Suspicious residents of the Shiloh area and surrounding neighborhoods wonder how a tribe of just 90 enrolled members, many of them acknowledged to be of modest means, can afford that.
The Koi currently benefit from shared revenue via California tribes that have gambling centers, but they will have to bring in deep-pocketed financial partners. It’s a point of contention for the No Windsor Casino group, which formed in the past few days to combat the project in Shiloh.
“It’s Vegas money,” surmised Chris Lamela, who lives about 300 feet from the unincorporated Koi property and has emerged as the group’s spokesman.
The idea of out-of-area backers with roots in high-level gambling operations may bother some locals, but it’s unlikely to emerge as an important legal point, Rand said.
“Every casino project has investors,” she noted.
Rand said it isn’t realistic to expect any American Indian tribe to pay for major developments, considering their modern history. Most were displaced to federal lands, where they were unable to collect property taxes.
“Where I am, in the middle of the country, Indian gaming is what makes reservation communities viable,” Rand said. “I don’t mean to belittle at all how local residents feel about this project. But if you look at the bigger picture, the fact that this tribe has backers — well, it hasn’t had land since its land was taken in the 1950s. How else are they gonna do it? They can’t just have a bake sale.”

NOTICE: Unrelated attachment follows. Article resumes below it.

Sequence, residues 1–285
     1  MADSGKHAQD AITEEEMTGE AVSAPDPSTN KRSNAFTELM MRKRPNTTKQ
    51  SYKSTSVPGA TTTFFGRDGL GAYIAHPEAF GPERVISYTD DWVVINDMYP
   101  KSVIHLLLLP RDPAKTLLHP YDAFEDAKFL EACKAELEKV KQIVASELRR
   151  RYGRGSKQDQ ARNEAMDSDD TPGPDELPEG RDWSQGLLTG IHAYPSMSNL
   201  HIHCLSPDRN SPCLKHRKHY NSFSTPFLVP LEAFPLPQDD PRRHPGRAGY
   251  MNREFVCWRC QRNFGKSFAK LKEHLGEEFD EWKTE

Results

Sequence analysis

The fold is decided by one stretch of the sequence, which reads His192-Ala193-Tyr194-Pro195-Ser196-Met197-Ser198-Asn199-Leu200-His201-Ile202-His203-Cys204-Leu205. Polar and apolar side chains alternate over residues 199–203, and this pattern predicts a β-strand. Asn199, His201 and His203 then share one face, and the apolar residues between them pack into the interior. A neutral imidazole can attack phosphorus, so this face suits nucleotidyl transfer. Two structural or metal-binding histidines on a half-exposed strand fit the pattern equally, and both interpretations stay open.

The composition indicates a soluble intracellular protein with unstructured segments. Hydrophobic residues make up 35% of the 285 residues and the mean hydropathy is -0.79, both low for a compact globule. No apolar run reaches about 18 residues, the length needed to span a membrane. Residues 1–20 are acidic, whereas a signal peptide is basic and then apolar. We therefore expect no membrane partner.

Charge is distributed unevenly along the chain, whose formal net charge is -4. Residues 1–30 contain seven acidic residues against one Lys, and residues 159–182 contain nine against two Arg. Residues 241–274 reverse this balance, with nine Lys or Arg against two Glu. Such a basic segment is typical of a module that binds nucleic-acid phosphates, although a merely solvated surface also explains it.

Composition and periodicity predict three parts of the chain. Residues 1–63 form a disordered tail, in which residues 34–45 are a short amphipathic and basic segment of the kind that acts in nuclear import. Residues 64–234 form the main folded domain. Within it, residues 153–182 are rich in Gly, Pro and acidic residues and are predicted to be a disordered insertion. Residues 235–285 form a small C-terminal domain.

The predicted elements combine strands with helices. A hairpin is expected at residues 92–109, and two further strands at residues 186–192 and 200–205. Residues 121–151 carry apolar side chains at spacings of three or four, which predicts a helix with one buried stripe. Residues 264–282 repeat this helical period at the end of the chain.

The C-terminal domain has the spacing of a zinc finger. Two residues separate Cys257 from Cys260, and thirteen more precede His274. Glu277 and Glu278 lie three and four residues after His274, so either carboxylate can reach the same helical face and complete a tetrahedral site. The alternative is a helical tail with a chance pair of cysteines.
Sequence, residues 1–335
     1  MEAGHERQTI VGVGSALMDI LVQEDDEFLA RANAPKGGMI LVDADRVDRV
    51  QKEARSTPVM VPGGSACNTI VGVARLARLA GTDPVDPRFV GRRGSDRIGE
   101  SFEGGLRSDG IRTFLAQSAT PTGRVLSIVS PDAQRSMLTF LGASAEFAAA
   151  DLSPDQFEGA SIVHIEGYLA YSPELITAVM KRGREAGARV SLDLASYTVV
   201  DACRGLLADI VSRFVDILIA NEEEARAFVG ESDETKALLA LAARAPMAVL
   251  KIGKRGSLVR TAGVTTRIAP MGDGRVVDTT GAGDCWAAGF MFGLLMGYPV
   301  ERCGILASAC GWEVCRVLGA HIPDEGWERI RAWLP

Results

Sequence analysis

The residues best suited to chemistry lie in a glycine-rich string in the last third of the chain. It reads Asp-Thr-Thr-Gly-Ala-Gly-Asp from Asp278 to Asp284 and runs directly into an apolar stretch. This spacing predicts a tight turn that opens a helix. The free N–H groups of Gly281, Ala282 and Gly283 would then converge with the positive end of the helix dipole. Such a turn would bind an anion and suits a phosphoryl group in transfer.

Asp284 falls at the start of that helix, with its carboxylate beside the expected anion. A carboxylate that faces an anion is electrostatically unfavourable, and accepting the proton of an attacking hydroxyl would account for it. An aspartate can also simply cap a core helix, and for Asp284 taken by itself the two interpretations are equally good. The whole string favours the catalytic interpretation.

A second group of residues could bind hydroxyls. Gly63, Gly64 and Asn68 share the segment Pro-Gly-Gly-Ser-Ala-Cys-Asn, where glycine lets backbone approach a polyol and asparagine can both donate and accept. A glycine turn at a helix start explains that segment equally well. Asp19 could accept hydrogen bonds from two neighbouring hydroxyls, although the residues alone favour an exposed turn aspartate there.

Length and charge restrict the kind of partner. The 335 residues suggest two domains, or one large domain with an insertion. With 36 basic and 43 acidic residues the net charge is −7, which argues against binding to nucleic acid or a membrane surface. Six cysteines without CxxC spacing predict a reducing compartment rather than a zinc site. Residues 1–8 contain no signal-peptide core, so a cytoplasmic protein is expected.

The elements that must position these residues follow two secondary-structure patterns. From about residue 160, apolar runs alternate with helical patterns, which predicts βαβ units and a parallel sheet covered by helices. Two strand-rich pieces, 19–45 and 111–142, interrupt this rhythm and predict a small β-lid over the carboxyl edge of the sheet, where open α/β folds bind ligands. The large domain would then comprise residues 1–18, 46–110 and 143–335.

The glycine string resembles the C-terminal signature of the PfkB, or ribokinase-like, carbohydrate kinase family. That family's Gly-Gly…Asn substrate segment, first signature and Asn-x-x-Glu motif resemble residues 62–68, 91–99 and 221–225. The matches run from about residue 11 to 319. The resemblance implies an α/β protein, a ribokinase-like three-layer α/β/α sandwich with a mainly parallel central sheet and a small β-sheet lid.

Still, the financing of a resort this size is no simple matter. The Federated Indians of Graton Rancheria found that out during their slog to get a casino built in Rohnert Park, when a national credit crisis threatened construction financing, and later when their primary investor, Nevada-based Station Casinos, declared bankruptcy.
The real challenges for Beltran and the other Koi tribal leaders, though, are likely to come in the regulatory sphere.
The Koi’s odds of having the land received into trust are good, Rand believes. One reason is the change in presidential administration this year. The other is the tribe’s history.